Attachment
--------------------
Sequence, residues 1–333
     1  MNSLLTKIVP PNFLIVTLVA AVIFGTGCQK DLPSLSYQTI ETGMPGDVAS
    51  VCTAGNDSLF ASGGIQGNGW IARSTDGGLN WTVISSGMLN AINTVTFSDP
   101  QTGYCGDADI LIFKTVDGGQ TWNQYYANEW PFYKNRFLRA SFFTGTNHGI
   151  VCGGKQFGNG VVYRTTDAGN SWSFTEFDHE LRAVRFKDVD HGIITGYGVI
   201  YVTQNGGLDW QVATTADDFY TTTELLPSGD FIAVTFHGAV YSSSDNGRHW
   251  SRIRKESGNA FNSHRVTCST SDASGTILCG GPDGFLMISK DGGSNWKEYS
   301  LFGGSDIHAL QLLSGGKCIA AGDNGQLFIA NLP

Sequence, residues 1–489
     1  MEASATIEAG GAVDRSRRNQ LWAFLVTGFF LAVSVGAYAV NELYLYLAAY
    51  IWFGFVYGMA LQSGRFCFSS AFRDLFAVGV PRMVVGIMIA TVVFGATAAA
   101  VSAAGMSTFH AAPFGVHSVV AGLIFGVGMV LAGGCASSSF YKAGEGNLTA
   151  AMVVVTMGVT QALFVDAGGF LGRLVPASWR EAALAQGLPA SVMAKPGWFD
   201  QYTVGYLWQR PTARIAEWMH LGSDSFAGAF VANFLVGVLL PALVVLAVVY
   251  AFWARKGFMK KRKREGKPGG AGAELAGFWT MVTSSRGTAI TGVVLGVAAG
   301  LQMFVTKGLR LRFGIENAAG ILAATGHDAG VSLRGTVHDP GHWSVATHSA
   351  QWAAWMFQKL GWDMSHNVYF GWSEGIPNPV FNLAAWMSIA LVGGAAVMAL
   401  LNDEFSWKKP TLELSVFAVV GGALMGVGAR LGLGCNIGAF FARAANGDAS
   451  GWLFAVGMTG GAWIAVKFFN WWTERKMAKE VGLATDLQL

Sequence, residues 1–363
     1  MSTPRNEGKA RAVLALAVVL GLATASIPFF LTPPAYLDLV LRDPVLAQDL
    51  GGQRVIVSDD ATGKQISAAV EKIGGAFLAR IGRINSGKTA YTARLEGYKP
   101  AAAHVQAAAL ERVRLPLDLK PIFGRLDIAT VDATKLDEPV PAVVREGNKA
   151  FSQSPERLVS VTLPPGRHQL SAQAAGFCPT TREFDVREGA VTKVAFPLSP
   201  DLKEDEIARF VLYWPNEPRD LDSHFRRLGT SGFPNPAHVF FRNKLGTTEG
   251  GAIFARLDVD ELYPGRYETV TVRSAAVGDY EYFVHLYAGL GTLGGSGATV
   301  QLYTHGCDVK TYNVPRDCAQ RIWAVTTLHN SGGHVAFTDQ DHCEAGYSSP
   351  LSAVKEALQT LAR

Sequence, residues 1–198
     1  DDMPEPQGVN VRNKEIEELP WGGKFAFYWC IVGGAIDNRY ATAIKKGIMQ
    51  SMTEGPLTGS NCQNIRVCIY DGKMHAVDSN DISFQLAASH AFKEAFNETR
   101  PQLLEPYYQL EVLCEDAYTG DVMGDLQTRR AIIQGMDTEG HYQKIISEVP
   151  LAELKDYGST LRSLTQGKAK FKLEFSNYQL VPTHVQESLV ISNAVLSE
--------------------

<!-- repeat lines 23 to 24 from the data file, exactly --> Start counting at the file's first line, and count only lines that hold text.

   101  AAAHVQAAAL ERVRLPLDLK PIFGRLDIAT VDATKLDEPV PAVVREGNKA
   151  FSQSPERLVS VTLPPGRHQL SAQAAGFCPT TREFDVREGA VTKVAFPLSP